CSS Naked Day was fun. It felt almost voyeuristic to peek under the CSS skirts of so many sites. It also made me realise that the browser default styles are what people are going to see if they decide to print out a page from many CSS-based sites.
I’ve had a rudimentary print stylesheet in place for Adactio for a while now, although I should probably revisit it and tweak it some time. But a lot of other sites that I’ve designed have been woefully lacking in print stylesheets.
For instance, the situation with the DOM Scripting site was brought home to me when I received this message from Adam Messinger:
Would it be possible to get a print stylesheet for the errata page that does a better job of preserving the table layout? As it is now, it’s sometimes hard to tell which page numbers match up to what errors. Just some borders on the table would help a lot.
That one made me slap my forehead. Of course! If ever there was a web page that was likely to be printed out, the errata for a printed book would be it.
As well as adding borders to the errata table, I set to work on creating a stylesheet for the whole site. It was fairly quickly and painless. I hid the navigation, let the content flow into one column, set the font sizes in points and used a minimum amount of colour.
I did much the same for Jessica’s site, WordRidden.
Principia Gastronomica was crying out for a print stylesheet. Half of the entries on that blog are recipes. Most people don’t have computer screens in their kitchens so it’s very likely that the recipes will be printed out.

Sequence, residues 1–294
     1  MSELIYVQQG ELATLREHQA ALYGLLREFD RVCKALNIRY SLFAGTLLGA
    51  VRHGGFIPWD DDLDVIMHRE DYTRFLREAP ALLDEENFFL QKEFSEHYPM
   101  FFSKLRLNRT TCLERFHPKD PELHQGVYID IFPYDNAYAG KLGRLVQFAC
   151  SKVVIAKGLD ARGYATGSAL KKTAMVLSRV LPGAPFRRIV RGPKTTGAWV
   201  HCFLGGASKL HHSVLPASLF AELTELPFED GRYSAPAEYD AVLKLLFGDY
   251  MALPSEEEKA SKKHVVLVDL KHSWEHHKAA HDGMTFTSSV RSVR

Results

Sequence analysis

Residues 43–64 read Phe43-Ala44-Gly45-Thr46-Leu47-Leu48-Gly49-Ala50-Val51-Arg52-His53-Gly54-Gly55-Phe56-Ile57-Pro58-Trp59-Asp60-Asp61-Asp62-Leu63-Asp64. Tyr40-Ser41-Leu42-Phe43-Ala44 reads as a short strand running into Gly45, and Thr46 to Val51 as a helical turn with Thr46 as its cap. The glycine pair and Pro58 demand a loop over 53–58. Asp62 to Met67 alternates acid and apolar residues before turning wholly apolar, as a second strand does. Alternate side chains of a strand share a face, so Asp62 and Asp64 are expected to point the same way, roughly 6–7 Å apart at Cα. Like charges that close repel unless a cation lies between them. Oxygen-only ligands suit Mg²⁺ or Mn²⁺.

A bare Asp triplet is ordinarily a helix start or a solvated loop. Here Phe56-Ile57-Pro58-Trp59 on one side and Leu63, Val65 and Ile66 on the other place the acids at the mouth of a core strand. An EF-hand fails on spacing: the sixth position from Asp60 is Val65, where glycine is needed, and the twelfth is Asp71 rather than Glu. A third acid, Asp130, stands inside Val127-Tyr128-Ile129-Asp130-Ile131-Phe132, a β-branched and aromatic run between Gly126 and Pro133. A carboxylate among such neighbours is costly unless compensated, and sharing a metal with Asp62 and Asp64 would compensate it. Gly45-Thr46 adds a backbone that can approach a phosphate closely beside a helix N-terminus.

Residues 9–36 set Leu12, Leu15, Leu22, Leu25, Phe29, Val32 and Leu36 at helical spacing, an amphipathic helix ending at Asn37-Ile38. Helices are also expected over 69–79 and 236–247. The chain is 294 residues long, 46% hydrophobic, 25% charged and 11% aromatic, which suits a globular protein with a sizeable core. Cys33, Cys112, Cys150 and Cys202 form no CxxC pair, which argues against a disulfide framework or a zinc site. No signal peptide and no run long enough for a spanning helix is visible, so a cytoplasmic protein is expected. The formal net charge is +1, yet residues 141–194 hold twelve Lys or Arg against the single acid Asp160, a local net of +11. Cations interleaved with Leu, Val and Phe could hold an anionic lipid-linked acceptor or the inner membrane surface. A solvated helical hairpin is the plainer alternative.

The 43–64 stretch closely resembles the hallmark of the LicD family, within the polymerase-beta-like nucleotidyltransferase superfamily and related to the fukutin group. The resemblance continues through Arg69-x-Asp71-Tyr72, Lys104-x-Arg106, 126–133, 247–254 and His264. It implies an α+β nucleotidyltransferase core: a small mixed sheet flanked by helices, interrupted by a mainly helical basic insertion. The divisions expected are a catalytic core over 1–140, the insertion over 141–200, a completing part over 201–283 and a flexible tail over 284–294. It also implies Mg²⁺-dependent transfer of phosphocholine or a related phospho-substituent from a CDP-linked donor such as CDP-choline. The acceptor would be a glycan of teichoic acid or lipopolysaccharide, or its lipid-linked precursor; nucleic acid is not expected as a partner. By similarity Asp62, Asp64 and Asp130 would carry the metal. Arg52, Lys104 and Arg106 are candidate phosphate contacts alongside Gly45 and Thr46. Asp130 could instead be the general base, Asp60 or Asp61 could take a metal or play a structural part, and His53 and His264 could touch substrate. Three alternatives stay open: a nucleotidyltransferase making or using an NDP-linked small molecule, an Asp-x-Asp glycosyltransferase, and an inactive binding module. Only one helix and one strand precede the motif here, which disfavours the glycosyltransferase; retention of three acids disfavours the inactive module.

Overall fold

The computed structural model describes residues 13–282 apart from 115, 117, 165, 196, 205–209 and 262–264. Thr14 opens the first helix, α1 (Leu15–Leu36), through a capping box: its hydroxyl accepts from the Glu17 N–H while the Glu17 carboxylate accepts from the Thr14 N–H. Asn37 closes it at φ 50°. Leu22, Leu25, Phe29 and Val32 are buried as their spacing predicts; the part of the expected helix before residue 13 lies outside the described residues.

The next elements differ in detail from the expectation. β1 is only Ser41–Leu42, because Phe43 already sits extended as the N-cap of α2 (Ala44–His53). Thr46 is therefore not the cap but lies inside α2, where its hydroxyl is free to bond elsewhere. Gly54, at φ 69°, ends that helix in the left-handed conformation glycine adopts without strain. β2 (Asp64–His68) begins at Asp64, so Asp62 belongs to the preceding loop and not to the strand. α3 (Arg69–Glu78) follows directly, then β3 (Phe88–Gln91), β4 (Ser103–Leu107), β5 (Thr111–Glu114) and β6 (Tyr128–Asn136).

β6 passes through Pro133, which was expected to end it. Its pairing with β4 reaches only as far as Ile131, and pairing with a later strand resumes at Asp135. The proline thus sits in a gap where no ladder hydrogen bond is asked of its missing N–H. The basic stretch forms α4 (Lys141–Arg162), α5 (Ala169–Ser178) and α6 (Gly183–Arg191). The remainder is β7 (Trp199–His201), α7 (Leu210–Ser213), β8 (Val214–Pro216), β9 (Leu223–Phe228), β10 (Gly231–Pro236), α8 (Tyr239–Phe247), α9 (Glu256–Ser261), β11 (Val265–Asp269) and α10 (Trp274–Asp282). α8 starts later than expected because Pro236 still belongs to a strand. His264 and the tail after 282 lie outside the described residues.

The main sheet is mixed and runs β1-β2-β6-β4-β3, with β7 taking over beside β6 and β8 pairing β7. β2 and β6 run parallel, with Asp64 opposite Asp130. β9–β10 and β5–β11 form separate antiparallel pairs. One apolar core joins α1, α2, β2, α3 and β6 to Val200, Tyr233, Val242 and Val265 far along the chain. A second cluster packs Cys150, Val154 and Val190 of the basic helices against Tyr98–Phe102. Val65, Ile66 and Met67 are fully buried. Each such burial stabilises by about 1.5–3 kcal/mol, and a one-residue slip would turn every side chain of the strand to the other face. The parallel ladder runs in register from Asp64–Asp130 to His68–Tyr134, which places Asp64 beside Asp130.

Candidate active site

A lot of the entries on Principia Gastronomica make heavy use of images. Everyone likes pictures of food, after all. I was faced with the question of whether or not to include these images in the printed versions.
In the end, I decided not to include the images. Firstly, it’s a real pain trying to ensure that the images don’t get split over two pages (
page-break-before would be a draconian and wasteful solution). Secondly, I bowed to Jessica’s wisdom and experience in this matter. She often prints out recipes from sites like Epicurious and, when she does, she wants just the facts. Also, these are pages that are likely to printed out in the home, probably on a basic inkjet printer, rather than in an office equipped with a nice laser printer.
If you’re implementing a print stylesheet for your site, I highly recommend reading Richard’s guide, The Elements of Typographic Style Applied to the Web. All the advice is good for screen styles, but is especially applicable to print.
These articles on A List Apart are also required reading:
- Improving Link Display for Print by Aaron Gustafson,
- CSS Design: Going to Print and
- ALA’s New Print Styles by Eric Meyer.
In an interview over on Vitamin, Eric makes the point that context is everything when deciding which stylesheets to serve up. Clearly, articles on a A List Apart are likely to printed out to be read, but the front page is more likely to be printed out to get a hard copy of the design.
For a detailed anatomy of a print stylesheet, be sure to read the latest in Mark’s Five Simple Steps to Typesetting on the web series: Printing the web.